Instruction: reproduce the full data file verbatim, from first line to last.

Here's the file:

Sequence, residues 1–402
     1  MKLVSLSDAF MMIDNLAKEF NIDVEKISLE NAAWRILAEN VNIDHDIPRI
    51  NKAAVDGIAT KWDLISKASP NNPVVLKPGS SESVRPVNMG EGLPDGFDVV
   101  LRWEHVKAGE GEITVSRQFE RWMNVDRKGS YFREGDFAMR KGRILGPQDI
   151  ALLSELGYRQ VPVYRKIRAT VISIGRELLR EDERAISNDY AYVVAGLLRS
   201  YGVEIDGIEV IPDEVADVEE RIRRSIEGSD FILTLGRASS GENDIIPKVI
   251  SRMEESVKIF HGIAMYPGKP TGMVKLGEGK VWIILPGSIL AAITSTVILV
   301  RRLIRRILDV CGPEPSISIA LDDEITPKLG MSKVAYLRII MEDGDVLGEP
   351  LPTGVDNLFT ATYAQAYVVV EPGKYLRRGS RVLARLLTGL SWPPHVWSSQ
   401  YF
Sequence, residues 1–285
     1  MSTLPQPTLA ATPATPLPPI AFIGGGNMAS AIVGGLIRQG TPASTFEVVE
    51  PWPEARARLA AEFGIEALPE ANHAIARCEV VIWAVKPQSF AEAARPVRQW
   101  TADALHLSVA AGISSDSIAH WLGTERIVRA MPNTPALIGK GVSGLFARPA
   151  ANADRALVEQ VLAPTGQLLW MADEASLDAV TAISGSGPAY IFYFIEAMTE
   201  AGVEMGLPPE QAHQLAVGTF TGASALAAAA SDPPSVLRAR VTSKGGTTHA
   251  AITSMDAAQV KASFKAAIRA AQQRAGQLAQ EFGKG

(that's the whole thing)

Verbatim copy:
Sequence, residues 1–402
     1  MKLVSLSDAF MMIDNLAKEF NIDVEKISLE NAAWRILAEN VNIDHDIPRI
    51  NKAAVDGIAT KWDLISKASP NNPVVLKPGS SESVRPVNMG EGLPDGFDVV
   101  LRWEHVKAGE GEITVSRQFE RWMNVDRKGS YFREGDFAMR KGRILGPQDI
   151  ALLSELGYRQ VPVYRKIRAT VISIGRELLR EDERAISNDY AYVVAGLLRS
   201  YGVEIDGIEV IPDEVADVEE RIRRSIEGSD FILTLGRASS GENDIIPKVI
   251  SRMEESVKIF HGIAMYPGKP TGMVKLGEGK VWIILPGSIL AAITSTVILV
   301  RRLIRRILDV CGPEPSISIA LDDEITPKLG MSKVAYLRII MEDGDVLGEP
   351  LPTGVDNLFT ATYAQAYVVV EPGKYLRRGS RVLARLLTGL SWPPHVWSSQ
   401  YF
Sequence, residues 1–285
     1  MSTLPQPTLA ATPATPLPPI AFIGGGNMAS AIVGGLIRQG TPASTFEVVE
    51  PWPEARARLA AEFGIEALPE ANHAIARCEV VIWAVKPQSF AEAARPVRQW
   101  TADALHLSVA AGISSDSIAH WLGTERIVRA MPNTPALIGK GVSGLFARPA
   151  ANADRALVEQ VLAPTGQLLW MADEASLDAV TAISGSGPAY IFYFIEAMTE
   201  AGVEMGLPPE QAHQLAVGTF TGASALAAAA SDPPSVLRAR VTSKGGTTHA
   251  AITSMDAAQV KASFKAAIRA AQQRAGQLAQ EFGKG